Slayer – God Hates Us All

3 out of 5

Label: American

Produced by: Matt Hyde

Thrash metal, as an “extreme” variant of the genre, has some comparable traits to an “extreme” with which I’m a bit more familiar: the ultra-gore corner of the horror-verse.  Although I’m far from fully schooled, I’ve done my tour of the classics and have dabbled in the more renowned fringes, enough to recognize that if you’re claiming to be a fan of the scene, then it suggests a willingness or desire to wallow in the amped-up-to-11 nature of it.  For the occasional viewer such as m’self, you tire of the tirade after a certain point (especially in examples where there’s nothing much on display except for gore), and that initial interest can easily jump the shark to a state of being inured to all sorts of visceral nonsense.  (Counterpoint: there are still some things, like American Guinea Pig, that I hesitate ever watching.)

I’m just testing the Slayer waters; God Hates Us All is only my third album of theirs to which I’ve listened, and I’m also only sporadically interested in thrash, generally preferring the speedier minute-long-songs variant of it than the forty minutes, thirteen tracks of God Hates Us All.  So following the threads of what I’m saying here, there came a point where this album sort of just turned in to noise for me, because god damn is it pretty consistently loud otherwise.  Combine the defining – and ne’er ceasing – pummeling of the Slayer sound (to which, admittedly, many of my favorite bands are indebted) with the powerhouse, beat-emphasizing production of Matt Hyde, and you have a disc that serves every second of double-bass drumming, meteoric riffing, and Tom Araya’s always-on snarl.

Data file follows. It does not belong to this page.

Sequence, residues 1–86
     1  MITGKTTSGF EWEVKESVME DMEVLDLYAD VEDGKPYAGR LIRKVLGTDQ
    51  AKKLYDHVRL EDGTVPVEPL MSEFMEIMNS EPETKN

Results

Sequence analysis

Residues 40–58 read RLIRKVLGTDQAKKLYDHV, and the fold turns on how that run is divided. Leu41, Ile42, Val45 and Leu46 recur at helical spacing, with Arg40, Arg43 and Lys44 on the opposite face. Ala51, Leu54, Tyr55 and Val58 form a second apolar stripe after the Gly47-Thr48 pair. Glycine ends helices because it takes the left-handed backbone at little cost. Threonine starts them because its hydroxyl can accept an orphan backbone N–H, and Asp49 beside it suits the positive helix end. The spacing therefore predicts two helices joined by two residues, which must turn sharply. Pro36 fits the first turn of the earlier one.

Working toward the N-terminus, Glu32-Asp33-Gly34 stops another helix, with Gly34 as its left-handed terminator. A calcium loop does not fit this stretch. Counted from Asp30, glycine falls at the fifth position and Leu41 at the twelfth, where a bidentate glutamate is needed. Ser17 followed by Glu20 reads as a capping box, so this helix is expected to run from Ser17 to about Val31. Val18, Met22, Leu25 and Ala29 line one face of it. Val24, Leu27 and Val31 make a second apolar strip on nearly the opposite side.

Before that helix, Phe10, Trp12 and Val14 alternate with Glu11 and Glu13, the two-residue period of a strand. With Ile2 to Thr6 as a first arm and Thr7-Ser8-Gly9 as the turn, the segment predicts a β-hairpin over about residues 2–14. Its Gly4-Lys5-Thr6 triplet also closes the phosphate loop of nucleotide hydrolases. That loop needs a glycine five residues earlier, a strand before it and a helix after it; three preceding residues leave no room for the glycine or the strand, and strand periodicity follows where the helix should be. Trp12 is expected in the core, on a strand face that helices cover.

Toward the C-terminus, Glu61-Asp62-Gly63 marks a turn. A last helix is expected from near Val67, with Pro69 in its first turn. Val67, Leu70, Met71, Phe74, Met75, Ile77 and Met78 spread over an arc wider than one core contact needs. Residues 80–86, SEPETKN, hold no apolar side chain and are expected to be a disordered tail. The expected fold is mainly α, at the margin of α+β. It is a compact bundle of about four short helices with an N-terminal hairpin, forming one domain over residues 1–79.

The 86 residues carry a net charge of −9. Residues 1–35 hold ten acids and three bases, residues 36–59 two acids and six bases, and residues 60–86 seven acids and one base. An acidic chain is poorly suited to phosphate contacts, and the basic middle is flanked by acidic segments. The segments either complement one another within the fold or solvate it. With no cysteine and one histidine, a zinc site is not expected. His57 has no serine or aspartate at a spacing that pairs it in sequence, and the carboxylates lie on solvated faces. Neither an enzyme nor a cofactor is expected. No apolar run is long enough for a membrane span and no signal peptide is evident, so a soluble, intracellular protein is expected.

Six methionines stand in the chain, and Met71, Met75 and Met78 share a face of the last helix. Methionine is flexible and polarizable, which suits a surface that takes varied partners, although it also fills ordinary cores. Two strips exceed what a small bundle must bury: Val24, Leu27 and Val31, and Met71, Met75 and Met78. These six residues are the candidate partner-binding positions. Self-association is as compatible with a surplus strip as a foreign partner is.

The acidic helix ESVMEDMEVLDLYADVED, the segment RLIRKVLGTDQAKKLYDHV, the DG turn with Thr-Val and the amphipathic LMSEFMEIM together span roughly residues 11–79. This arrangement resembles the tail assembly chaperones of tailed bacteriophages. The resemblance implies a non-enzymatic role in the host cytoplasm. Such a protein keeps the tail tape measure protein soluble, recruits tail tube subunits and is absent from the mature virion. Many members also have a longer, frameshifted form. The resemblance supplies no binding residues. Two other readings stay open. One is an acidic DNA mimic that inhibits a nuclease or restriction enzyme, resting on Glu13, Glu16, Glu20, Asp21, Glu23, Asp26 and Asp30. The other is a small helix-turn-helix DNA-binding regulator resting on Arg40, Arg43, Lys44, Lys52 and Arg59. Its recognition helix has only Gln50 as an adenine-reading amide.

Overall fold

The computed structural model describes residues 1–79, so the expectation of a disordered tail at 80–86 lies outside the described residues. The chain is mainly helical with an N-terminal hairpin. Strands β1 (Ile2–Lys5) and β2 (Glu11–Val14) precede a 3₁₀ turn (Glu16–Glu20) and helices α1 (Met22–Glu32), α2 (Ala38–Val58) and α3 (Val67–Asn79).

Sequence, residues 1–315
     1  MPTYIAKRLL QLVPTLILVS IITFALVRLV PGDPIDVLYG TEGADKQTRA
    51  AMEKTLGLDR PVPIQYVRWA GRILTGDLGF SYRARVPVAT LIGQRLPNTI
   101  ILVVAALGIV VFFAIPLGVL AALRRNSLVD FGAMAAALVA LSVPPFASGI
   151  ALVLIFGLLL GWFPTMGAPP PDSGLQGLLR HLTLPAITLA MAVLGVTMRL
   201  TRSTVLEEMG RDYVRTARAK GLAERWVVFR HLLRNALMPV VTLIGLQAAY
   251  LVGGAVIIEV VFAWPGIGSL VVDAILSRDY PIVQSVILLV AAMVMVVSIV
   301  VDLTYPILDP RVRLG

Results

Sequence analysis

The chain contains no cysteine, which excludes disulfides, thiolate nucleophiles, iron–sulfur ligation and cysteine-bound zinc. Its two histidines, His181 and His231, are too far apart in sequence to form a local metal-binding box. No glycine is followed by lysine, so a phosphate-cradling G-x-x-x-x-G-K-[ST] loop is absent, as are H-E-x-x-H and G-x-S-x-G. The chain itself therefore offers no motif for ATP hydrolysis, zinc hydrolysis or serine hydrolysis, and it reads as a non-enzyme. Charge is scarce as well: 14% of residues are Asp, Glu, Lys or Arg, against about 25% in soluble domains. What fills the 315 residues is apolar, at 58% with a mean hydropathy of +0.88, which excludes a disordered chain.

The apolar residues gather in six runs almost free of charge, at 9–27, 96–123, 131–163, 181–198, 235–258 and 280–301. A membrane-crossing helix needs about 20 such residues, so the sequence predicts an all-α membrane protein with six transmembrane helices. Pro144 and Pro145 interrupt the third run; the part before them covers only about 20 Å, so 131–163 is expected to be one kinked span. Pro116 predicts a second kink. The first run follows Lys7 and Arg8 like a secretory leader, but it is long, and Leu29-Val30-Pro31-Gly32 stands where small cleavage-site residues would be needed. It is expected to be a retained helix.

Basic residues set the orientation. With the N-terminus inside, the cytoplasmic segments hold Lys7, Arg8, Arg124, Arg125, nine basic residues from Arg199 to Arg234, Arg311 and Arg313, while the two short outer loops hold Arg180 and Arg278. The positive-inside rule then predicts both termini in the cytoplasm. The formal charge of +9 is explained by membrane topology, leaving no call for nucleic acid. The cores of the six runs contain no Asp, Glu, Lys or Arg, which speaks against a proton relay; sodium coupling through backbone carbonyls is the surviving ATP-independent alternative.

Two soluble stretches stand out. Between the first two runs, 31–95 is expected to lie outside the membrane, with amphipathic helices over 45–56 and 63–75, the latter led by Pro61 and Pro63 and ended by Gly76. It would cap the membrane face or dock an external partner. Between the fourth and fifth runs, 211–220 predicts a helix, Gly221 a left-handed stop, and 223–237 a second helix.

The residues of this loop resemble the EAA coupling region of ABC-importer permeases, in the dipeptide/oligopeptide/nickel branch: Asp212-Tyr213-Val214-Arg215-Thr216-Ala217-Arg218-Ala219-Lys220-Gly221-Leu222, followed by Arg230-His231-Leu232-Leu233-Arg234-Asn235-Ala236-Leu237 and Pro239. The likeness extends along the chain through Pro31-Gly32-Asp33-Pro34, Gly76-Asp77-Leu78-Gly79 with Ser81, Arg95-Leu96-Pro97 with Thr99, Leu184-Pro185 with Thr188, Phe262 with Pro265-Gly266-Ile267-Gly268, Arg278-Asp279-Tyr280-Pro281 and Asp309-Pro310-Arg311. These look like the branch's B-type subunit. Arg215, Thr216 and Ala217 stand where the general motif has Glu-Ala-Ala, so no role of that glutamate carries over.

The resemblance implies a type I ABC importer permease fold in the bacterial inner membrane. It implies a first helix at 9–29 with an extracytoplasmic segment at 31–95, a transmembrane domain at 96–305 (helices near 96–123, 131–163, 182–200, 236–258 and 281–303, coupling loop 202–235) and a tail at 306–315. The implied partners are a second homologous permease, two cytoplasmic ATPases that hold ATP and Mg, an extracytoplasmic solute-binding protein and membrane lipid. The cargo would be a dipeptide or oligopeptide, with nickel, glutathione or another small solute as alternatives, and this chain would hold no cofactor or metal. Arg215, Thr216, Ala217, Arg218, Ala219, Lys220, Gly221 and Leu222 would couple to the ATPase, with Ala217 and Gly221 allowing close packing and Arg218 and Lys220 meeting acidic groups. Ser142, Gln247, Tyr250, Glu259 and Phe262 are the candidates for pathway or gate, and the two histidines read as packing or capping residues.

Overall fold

But despite this stuff just sort of washing over me after a bit, there’s definitely quite a few tracks here that poke their head above the wall of noise to merit relistens.  And, postscript: once I knew what to expect of the album, those tracks became more than just standout moments, emerging as the louder-ass sum of their loud-ass parts.

Following Diabolus in Musica, an apparently divisive album for somewhat catering to the nu-metal trends of the day, God Hates Us All rightfully won back some acclaim by going back to the raw basics.  …But there’s still some nu-metal hanging around, and I frankly don’t think it’s a bad thing: while the album seems to open with the group feeling out what this combination of down-tuned groove and speed metal sounds like, the latter half of the disc really starts to rank up some effing epics. Taken in one sitting, though, your ears might be desensitized to it by the time you get there.  Taken in several sittings – or listened to often enough where you hear more than just noise – God Hates Us All is a solid and consistent dose of power and fury from a landmark band that’s managed to sound just as furious as when they’d started on this gig like twenty years prior.